"The contract that we have with Dredge and Marine Corporation is for a four month lease at $32,000 a month, so we are committed to pay that, then we can apply 80 percent of that figure toward the purchase of the dredge and it is $295,000, which will leave us about $200,000 left if we want to buy it."

The plan, according to Wilson, is to have local men learn how to operate the dredge, and they are learning from a crew of three Tennesseans led by James Morris. "We can offer them as good a machine as a new one for a considerable amount of savings," Morris said. "A new one like this is getting up right at a million bucks. We try and go thru everything on here and put on as much new stuff as we can. That way she is just like a brand new one."

In 2005 Morris's company sold a refurbished barge to the city of Mexico Beach in Florida. "We did the Mexico City Beach one in Florida," Morris said. "They had the same problem, the Corps wouldn't come do it, and we set them up with a dredge, pipeline the whole package to get them going."

According to Mexico Beach City Administrator, Chris Hubbard, the city council now has serious reservations about their purchase of the used dredge which is a refurbished 1980's model. "Now, the council wishes they had bought a new dredge," Hubbard said. "Anytime you buy something that old the maintenance is unbelievable." He explained that the city is so disappointed with the performance of the 20 some year old dredge that they are seeking bids to have a new one built."

Whether or not the Florida city's experience with their used dredge bodes ill for Port Mansfield's dredge, which is twice as old, remains to be seen. "There is a warranty, but we will probably be required to fix much of what goes wrong after a period of four to six months," Wilson said.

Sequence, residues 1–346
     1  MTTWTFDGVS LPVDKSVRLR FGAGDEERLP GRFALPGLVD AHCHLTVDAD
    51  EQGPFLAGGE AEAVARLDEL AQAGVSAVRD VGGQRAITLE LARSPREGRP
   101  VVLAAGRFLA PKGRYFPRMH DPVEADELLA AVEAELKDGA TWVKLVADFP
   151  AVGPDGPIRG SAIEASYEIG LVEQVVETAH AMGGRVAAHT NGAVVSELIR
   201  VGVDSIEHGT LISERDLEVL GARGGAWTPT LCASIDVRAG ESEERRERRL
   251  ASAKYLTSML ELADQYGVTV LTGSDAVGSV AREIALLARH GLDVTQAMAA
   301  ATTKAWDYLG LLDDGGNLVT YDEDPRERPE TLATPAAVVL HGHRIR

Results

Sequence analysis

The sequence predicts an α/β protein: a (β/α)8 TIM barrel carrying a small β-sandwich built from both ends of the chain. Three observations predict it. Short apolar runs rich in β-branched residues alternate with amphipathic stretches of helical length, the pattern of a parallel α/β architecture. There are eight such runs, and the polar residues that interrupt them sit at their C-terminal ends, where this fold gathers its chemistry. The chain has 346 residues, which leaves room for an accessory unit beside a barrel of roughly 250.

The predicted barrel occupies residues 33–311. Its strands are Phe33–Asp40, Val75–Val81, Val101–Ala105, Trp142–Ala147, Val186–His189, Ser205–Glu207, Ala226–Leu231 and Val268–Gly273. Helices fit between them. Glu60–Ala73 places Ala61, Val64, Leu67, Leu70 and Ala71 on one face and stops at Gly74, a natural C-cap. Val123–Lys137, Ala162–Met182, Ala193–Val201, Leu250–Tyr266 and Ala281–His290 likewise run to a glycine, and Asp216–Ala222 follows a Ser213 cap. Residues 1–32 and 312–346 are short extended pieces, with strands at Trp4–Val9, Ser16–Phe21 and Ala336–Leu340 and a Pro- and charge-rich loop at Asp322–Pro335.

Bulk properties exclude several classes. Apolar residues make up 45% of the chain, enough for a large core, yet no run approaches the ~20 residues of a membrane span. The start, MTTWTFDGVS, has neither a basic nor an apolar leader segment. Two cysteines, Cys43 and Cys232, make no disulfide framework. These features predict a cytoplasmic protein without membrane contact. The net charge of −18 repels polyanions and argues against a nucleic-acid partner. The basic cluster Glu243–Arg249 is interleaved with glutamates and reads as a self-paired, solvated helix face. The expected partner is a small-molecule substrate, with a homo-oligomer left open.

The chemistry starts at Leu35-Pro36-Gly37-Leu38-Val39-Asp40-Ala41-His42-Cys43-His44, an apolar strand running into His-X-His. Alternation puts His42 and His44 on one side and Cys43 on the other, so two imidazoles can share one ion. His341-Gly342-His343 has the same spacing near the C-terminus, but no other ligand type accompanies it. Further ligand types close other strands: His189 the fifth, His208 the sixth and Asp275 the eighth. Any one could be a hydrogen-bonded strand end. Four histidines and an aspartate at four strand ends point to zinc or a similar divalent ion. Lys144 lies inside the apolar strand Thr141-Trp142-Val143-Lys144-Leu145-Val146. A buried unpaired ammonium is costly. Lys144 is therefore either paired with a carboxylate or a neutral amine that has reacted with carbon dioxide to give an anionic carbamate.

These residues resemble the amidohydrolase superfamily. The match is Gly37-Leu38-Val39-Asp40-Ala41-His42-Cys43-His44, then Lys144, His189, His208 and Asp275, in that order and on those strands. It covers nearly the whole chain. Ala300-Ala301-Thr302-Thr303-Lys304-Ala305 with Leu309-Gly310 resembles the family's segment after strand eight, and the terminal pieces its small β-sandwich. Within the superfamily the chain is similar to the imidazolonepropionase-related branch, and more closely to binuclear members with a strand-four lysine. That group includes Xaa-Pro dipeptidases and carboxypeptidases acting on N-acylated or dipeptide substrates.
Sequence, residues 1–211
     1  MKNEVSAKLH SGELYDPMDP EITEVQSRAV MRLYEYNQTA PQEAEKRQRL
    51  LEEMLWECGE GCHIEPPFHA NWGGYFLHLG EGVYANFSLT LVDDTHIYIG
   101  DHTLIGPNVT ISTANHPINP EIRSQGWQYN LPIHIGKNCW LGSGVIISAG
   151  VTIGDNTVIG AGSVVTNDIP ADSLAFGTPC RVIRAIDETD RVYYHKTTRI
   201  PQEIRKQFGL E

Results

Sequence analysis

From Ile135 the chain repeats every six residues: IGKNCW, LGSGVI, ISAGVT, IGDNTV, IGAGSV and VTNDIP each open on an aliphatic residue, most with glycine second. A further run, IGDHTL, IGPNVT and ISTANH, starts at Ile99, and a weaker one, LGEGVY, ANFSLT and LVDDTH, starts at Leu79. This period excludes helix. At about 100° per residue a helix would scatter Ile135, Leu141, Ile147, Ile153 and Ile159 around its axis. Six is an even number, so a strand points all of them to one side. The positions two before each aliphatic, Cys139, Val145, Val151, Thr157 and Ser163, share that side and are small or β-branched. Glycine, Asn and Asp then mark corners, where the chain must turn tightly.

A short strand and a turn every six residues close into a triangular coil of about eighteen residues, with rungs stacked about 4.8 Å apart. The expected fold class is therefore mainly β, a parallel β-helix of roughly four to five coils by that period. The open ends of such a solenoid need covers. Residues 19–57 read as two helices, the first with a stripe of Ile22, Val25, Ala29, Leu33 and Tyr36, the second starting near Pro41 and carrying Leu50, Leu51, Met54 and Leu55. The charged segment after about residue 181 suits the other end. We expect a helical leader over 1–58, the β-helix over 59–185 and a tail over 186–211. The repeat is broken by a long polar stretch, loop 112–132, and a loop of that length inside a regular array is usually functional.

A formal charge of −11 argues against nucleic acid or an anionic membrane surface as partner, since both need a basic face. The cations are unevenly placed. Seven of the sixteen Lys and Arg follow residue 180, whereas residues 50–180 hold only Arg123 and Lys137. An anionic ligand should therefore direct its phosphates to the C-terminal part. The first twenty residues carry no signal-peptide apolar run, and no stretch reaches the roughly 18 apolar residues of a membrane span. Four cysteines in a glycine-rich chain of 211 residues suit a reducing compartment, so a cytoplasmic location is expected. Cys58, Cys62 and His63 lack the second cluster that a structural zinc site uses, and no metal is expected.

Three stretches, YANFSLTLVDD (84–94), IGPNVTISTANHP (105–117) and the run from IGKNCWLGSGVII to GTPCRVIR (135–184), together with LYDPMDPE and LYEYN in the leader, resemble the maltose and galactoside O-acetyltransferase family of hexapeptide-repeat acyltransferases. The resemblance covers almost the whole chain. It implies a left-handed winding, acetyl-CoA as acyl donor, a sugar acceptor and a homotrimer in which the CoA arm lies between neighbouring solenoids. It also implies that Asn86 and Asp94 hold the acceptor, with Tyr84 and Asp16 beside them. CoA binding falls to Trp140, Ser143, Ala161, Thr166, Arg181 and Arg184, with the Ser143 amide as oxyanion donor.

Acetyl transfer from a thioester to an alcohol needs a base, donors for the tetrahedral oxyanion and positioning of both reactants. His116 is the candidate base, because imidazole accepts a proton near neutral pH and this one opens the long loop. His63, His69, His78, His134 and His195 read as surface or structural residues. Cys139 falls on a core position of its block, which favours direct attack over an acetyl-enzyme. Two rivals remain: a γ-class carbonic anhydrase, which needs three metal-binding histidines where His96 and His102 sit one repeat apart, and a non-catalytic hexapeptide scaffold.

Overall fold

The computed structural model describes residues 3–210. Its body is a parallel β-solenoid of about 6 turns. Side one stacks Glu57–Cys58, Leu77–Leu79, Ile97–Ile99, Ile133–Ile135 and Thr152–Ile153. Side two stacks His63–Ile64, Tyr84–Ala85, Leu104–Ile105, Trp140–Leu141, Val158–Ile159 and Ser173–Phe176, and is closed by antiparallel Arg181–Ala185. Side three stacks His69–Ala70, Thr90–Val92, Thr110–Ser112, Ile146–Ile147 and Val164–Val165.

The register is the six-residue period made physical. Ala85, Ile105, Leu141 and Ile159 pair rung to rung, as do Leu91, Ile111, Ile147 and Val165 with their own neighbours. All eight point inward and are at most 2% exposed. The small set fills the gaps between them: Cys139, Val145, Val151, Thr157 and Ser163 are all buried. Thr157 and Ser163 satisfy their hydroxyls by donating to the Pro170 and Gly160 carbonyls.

Rental, purchase and maintenance are only the initial costs involved. "The company estimates that we will burn 30 to 40 gallons of diesel an hour so we may use 400 gallons a day," Wilson said. Fuel consumption alone will likely exceed $800 per day and then there is the added cost of paying a crew.

Wilson expects the dredge to pump out between 300 and 400 cubic yards per hour to a nearby spoil containment area. "We are hoping that we can do between 200 and 300 thousand cubic yards over the next four months, that's what we would like to try and get out of the channel. Now, that won't' be all of it. There is probably a million cubic yards in the channel between here and the jetties. We are hoping that we can get it done for $350,000 to $400,000 for that four month period. We may miss that, but that is what our goal is."

However, it is unlikely that this small dredge will be able to handle the sanding in at the jetties. "There might be a way we could work at the jetties if we can prove we can do it here in the bay, but we would certainly have to pick our days out there. We couldn't do it if there were hardly any swells."

Wilson said the Navigation District is relying on a $225,000 grant from Texas Parks and Wildlife to help defray the cost and are hoping to receive additional funds from the federal Coastal Impact Assistance Program. Additional monies may come from increases in lease rates by the Navigation District and a potential harbor use fee.

Port Mansfield Chamber of Commerce President. Terry Neal, sums up the feelings of many residents. "The Navigation District is taking on a gigantic task that has historically been done by our government, and Mike and the board should be commended for their efforts in trying to keep the port open and the economy going."


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Copyright 2007 Richard Moore